Tommy Shaw

“I guess it’s rather like calling Yes, Genesis and ELP prog rockers. Did they sound like each other? No. They were all different. The same goes for all the big bands who were called pomp rock. We were never bothered by what people expected from us. We were happy to do something like Claire de Lune on Crystal Ball, which was a Debussy piece of classical music, as well as Mademoiselle, which was a big hit for us.”

One area where DeYoung feels that Styx stood apart from the traditional prog bands was on the lyrical front. 

“A lot of the 70s prog types wrote in a mystical and ephemeral way. You could read Yes’ lyrics, and not have a clue what Jon Anderson was going on about. Not that it mattered too much. You didn’t have to understand every word in a lyric to appreciate a song.

“But the Styx approach to writing lyrics was always rooted more in reality. What we wrote about was stuff we encountered in our daily lives, so it had hardly any connection to fantasy worlds. There was the occasional song which went in that direction, like Lords Of The Ring from Pieces Of Eight, but we felt a lot more comfortable with lyrics that people could relate to.”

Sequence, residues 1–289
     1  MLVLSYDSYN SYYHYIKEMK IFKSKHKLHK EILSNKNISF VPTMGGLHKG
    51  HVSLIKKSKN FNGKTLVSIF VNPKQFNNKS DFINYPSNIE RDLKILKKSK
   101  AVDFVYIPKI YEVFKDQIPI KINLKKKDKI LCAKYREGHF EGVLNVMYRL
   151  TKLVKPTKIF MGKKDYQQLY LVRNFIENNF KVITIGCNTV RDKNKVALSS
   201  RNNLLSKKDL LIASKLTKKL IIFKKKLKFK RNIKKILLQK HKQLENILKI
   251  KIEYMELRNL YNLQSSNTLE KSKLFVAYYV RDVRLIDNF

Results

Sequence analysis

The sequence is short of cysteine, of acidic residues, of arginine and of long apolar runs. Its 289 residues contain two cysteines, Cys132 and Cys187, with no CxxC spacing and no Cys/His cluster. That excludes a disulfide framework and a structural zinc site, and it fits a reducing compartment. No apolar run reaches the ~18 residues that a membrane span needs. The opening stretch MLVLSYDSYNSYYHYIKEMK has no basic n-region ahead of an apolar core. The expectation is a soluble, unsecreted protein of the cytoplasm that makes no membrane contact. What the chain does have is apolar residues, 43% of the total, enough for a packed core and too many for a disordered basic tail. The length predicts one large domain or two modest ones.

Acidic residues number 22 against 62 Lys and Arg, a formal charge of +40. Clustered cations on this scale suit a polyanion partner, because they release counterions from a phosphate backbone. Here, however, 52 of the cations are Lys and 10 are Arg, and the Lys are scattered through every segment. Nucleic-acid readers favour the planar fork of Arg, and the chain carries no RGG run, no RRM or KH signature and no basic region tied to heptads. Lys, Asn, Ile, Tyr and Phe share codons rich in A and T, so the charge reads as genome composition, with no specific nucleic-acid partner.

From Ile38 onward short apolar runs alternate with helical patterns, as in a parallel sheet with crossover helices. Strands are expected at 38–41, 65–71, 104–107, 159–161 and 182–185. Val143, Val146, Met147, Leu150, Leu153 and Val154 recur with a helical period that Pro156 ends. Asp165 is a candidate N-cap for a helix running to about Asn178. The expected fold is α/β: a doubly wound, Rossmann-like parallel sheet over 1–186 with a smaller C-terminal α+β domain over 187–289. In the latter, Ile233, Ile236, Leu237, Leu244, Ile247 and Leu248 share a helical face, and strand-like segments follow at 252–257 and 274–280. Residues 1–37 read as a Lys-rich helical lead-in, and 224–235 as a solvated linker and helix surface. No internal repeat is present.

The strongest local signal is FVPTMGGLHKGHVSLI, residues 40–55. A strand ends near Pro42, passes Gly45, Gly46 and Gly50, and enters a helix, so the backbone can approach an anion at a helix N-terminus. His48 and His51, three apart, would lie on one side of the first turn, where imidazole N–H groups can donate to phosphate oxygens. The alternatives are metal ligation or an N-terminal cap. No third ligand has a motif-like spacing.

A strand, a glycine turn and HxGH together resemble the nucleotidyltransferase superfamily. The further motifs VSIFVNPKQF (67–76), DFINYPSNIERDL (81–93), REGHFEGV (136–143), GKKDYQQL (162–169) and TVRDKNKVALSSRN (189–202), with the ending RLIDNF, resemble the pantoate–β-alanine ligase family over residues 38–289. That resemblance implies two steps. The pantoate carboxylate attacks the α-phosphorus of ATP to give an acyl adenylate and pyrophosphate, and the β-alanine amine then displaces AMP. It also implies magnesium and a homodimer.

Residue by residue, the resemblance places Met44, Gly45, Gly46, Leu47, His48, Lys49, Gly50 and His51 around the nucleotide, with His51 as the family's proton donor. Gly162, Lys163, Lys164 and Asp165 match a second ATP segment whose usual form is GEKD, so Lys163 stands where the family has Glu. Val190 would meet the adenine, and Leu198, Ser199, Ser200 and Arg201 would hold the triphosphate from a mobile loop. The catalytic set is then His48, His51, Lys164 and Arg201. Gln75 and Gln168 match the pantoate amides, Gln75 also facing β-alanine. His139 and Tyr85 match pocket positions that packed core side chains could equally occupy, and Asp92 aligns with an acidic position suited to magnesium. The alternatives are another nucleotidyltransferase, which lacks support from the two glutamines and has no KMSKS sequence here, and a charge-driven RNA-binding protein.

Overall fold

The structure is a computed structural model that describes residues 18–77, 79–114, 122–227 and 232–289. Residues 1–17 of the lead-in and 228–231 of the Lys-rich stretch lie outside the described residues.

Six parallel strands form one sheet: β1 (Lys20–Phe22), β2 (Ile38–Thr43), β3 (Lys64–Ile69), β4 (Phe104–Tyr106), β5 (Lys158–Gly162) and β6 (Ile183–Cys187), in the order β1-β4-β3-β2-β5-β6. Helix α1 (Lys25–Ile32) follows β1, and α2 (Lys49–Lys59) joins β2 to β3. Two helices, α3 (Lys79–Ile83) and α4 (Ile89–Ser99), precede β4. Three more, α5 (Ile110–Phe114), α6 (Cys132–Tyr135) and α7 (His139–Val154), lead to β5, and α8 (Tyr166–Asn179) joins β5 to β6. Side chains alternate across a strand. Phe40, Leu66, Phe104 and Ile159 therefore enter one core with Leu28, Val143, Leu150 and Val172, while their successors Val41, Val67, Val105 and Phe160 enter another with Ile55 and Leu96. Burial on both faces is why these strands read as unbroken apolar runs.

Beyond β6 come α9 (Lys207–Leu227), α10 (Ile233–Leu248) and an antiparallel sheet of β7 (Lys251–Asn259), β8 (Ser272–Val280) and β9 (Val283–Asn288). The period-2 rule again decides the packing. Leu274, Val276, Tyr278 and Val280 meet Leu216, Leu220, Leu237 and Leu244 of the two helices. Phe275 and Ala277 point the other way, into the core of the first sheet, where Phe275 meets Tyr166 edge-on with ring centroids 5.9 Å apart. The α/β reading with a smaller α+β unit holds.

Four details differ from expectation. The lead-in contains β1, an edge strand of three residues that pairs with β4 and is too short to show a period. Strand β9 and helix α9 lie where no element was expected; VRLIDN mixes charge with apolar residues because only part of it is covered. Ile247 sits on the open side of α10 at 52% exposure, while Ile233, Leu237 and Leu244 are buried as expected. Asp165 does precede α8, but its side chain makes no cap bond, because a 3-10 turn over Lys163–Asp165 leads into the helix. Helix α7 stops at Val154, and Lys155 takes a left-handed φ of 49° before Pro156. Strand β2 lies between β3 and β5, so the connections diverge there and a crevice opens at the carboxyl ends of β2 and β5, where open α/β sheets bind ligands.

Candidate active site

Tommy Shaw agrees that the band preferred to write about more down to earth subjects.

“I’m not claiming we went in a sex, drugs and rock’n’roll direction. That clearly wouldn’t have suited us. But we came from Chicago, so how could we write about wizards’ sleeves or anything like that? We’d have seemed ridiculous. Mind you, it’s odd that it took American prog-related bands like us to introduce a note of realism into the music. You didn’t get it from the British bands.”

In the late 1970s, Styx underwent something of a musical transformation in keeping with the climate of the time. When they first toured in the UK during 1978, punk and new wave had taken a firm grip, and this led to the band rethinking their approach.

“We came over in ’78 with a real sense of excitement. So many of our favourite bands were from the UK, so to have the chance of playing in cities like London, Liverpool and Manchester was really special for us. But we didn’t appreciate at the time how much had changed. We still believed that bands like Yes and Genesis were admired and applauded in Britain. But punk had taken hold of the media.

“We got some awful reviews on that tour, and we didn’t understand why the press hated what we did so much. Ironically, our support band were Dire Straits, who had good songs and were good musicians. But they had little going for them in terms of performance or image. Yet they were getting great write-ups!

“We knew then that things would never be the same again. We had to adapt or die, so on the next album [1979’s Cornerstone] we went for a slicker, more mainstream style, and it came off.”